Chicago restaurateur facing wire fraud charges

On Behalf of | Jun 12, 2019 | Federal Crimes |

A few years ago, Chicago restaurant reviewers wrote of Embeya’s modern Asian menu. The West Loop restaurant featured salmon tartare, poached octopus, mustard-laced avocado puree and much more that delighted diners.

The former owner of the eatery was recently in a federal courtroom for a hearing on whether he could be released from custody after being arrested last December in Spain. Attila Gyulai, 47, was charged with wire fraud after prosecutors alleged that he defrauded investors of approximately $300,000.

The restaurateur and his wife opened the Asian fusion restaurant in the 500 block of West Randolph back in September of 2012. Reviewers loved its eclectic fare, but Embeya was shut down without notice about four years ago,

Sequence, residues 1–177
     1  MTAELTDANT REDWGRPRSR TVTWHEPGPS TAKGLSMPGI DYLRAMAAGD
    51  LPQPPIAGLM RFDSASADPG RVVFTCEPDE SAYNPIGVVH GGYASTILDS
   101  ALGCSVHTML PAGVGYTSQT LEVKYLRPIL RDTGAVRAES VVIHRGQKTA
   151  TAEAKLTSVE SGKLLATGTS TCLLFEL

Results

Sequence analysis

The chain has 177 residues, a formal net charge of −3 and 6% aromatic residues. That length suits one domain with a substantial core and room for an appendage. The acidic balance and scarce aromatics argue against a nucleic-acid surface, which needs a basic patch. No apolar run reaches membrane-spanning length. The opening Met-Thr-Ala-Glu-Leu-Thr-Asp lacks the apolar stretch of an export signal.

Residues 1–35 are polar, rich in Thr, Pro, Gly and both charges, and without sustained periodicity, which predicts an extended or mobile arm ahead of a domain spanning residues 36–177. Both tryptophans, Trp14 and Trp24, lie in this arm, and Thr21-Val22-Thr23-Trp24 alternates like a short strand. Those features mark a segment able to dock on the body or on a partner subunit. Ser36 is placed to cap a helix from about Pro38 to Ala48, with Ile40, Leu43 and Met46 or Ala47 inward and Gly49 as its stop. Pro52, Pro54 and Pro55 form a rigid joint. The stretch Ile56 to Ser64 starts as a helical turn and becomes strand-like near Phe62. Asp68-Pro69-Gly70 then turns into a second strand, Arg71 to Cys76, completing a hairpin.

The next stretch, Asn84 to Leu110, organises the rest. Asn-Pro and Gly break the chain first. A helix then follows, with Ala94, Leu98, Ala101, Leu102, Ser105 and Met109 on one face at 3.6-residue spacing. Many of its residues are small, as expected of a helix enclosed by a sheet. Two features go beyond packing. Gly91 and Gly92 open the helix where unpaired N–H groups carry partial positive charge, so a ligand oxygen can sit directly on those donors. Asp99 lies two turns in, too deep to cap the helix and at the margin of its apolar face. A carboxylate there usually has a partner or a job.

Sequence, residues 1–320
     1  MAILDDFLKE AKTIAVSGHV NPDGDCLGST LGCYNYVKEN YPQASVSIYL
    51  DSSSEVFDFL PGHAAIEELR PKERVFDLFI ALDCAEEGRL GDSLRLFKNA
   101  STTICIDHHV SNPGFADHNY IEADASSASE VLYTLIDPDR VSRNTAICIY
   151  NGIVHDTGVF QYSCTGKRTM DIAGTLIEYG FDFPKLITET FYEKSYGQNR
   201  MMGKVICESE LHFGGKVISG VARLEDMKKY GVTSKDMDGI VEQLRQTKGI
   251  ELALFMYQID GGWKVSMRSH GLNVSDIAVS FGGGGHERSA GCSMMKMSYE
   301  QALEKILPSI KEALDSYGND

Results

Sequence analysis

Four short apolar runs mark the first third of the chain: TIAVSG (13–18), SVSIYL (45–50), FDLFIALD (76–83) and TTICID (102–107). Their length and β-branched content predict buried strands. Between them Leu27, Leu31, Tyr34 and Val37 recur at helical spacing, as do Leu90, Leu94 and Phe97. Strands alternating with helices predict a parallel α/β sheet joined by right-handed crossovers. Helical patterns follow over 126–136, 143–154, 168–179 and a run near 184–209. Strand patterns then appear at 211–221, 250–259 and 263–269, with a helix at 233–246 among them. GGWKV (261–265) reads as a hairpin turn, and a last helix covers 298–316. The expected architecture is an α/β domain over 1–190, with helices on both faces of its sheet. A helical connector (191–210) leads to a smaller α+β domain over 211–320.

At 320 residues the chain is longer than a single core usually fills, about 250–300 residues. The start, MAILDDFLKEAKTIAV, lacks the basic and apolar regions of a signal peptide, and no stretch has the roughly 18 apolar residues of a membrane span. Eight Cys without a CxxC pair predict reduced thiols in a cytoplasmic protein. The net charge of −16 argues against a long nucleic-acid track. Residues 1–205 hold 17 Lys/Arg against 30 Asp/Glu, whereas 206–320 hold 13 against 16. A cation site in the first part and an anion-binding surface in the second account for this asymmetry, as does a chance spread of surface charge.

In a recent news article, the Chicago Tribune reported that “Gyulai left the United States around the same time.” He apparently traveled to Mexico, Hungary, Ecuador and other countries. He has told the court that he did not know of any pending criminal charges during his travels to care for ailing relatives.

While the judge said he recognized that there is a flight risk, he agreed to allow Gyulai’s release with a $250,000 secured bond. He must also live under house arrest in a friend’s home on the condition that the friend passes a background check.

Gyulai must also surrender his passport to the court.

Prosecutors claim that Gyulai and his wife indulged in lavish vacations while Embeya was open and flourishing. At the same time, they say, shareholders waited to reap the financial rewards of their investments.

A lawsuit filed against Gyulai by the restaurant’s executive chef over allegedly unpaid wages reportedly uncovered financial irregularities which eventually led to the restauranteur’s arrest.

These kinds of complex allegations require legal representation that can assemble a team of financial analysts, forensic accountants and other specialists trained in unraveling complicated evidence and then defending rights and freedom.


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